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All hail Harry Kane, the new king of White Hart Lane. The 21-year-old's two goals sank Arsenal in Saturday's north London derby and left the Tottenham faithful delirious. "He's one of our own", they sang, despite the fact that in his youth Kane supported the Gunners.
But Spurs fans don't care about their new hero's childhood affiliations – and there was little evidence of them as he single-handedly felled the Gunners – for the Lilywhites they know that in Kane they have arguably the most exciting young English player in the Premier League.
Arsenal once laid claim to that boast. Remember the precocious talent of Jack Wilshere? He was just 16 when he made his Premier League debut in September 2008, as a substitute against Blackburn Rovers, and ten days later he scored his first competitive goal for the club, finding the net in the 6-0 thrashing of Sheffield United in the League Cup.
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The trajectory thereafter was steep, and in August 2010 he made his senior England debut aged 18, the tenth youngest player to represent the national team. The then England manager, Fabio Capello, proclaimed that the teenage midfielder was "the future".
And then came the ankle injury. A stress fracture in August 2011 sidelined him for the season and when he returned for the 2012-13 campaign it was to an Arsenal side struggling to replace Cesc Fabregas and now shorn of Robin van Persie. Arsene Wenger entrusted Wilshere with greater responsibility in the absence of Dutchman and for a while it looked as if he would rise to the challenge, he was no longer the young larrikin who was arrested in 2010 and warned the following year for spitting on a taxi driver.
"He will be one of the leaders of this club," said Wenger in 2013. "In fact he already is. A leader is somebody who does everything on the pitch to help his team to win."
But it wasn't long before an increasing number of commentators were questioning Wilshere's progression. That early promise had stalled and he was not controlling the midfield the way Wenger envisioned. Too fragile, physically and mentally, the critics said, notably former Manchester United midfielder Paul Scholes.
A month after England's ignominious World Cup exit last June, in which Wilshere did little to enhance his reputation, he was photographed in Las Vegas in a scene that for many encapsulated the current malaise of the national team. Luxuriating in a swimming pool, surrounded by a gaggle of young women, Wilshere was snapped smoking and drinking. It wasn't the first time he'd been caught having a puff; less than a year before he'd been photographed smoking as he left a London nightclub having helped Arsenal beat Napoli earlier that night. Apologising for the incident Wilshere declared at the time: "I'm not a smoker, so I think that will be my last one."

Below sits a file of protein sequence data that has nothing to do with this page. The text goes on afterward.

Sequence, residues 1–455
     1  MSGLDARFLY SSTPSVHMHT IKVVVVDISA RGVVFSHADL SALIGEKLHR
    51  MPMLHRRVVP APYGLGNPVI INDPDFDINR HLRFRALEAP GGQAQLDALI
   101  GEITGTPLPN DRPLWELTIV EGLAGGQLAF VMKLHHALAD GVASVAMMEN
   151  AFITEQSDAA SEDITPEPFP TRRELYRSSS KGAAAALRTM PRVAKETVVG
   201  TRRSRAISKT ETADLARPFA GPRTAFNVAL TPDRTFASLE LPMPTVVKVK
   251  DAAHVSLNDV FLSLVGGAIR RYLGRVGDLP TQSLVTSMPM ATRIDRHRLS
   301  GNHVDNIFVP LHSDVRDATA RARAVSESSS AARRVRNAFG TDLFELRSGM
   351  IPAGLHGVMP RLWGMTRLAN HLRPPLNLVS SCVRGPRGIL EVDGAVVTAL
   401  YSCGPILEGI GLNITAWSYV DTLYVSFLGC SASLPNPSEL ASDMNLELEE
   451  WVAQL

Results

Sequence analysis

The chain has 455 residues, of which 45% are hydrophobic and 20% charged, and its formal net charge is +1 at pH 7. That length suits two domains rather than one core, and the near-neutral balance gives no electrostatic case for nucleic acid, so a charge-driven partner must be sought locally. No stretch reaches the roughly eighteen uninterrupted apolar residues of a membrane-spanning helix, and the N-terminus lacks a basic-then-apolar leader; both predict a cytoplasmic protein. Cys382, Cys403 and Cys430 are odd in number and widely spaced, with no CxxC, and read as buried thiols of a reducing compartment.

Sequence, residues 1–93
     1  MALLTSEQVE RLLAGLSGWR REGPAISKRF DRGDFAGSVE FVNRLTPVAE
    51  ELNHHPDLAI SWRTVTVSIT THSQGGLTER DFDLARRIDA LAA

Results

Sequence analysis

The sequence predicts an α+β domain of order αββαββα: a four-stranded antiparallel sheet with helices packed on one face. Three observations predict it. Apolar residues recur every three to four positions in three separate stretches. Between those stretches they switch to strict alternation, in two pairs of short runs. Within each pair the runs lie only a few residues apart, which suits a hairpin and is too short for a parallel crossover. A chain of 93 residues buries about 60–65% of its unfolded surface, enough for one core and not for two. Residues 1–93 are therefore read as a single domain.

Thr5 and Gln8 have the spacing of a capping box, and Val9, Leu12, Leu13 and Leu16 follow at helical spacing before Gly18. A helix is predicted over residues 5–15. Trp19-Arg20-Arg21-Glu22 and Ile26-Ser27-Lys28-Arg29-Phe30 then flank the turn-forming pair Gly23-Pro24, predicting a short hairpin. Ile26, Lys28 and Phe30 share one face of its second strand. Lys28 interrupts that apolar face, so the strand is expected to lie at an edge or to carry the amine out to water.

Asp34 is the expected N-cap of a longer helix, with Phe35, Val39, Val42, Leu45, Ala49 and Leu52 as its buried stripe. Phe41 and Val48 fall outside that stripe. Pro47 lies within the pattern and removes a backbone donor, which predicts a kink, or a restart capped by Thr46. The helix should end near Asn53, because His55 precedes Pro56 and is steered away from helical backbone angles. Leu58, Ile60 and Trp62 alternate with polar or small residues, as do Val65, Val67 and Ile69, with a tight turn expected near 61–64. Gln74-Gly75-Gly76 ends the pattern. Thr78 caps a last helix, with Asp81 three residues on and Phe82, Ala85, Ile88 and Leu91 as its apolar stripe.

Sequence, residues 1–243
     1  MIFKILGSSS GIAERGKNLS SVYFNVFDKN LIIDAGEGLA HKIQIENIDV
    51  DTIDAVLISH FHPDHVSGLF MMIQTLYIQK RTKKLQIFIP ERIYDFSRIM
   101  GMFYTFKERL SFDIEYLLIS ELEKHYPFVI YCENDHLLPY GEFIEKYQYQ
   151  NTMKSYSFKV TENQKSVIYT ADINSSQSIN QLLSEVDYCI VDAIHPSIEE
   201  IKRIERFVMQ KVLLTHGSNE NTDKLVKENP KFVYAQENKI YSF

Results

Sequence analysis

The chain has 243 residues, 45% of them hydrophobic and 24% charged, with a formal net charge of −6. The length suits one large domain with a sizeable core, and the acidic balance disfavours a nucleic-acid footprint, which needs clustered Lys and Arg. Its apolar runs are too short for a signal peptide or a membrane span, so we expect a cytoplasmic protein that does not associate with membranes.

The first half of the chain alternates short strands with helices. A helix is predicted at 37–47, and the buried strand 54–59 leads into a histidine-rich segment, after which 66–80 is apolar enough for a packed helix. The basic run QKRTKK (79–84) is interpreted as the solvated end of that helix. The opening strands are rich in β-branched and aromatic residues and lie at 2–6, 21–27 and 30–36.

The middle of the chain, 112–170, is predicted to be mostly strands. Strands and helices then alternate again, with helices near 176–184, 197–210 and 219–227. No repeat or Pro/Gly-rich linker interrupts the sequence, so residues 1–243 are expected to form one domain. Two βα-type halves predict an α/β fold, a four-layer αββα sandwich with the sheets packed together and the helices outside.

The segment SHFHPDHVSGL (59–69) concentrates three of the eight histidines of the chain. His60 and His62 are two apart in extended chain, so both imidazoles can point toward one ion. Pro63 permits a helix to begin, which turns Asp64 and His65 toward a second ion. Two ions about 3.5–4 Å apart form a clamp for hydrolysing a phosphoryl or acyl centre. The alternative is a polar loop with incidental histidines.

He has not been true to his word, and pictures that emerged last week showing him clutching a shisha pipe suggest that Wilshere is one athlete who does not treat his body as a temple.
According to a report in Saturday's Daily Mail, Arsenal have just about reached the end of their tether with Wilshere and "are now weighing up whether they should sell the England midfielder in the summer". The paper says it's not just off-field antics but also "Wilshere's injury record" that have led them to ponder a sale that a few seasons ago would have been unthinkable. But the reality is Wilshere – despite being with the club since he was nine – has exasperated the patience of even the most diehard Gooner.
The problem Arsenal might face, says the Mail is that Wilshere's fading reputation means "how many clubs would be prepared to stump up a £25m fee and substantial wages which would be north of £80,000-a-week"? Liverpool might, apparently, and also West Ham, who intend to sign a couple of big names ahead of their relocation next year to the Olympic Stadium.
As for Kane, 18 months younger than Wilshere, he is now the young Londoner being talked of as England's "future". Noting that Three Lions manager Roy Hodgson was at the Lane on Saturday to see Kane score his 21st and 22nd goals of the season, The Guardian declared that "England call cannot be far away for the Premier League's breakout star" before asking: "Is there a more enjoyable footballer in the world at the moment than Kane? The answer is a resounding no".
But Henry Winter, writing in the Daily Telegraph, believes England must learn from past mistakes where Kane is concerned. "Amid the inevitable media frenzy at the first sign of home-grown promise," he says, "Hodgson needs a clear mind to consider what is best for the player's long-term development". In Winter's view it might be better if Kane spends the summer at the European Championships Under-21s gaining invaluable experience of playing in an international tournament.
There's logic in that argument. Wilshere once had the world at his feet, only to stumble and fall. Kane must be managed more wisely so that his career too doesn't also go up in smoke.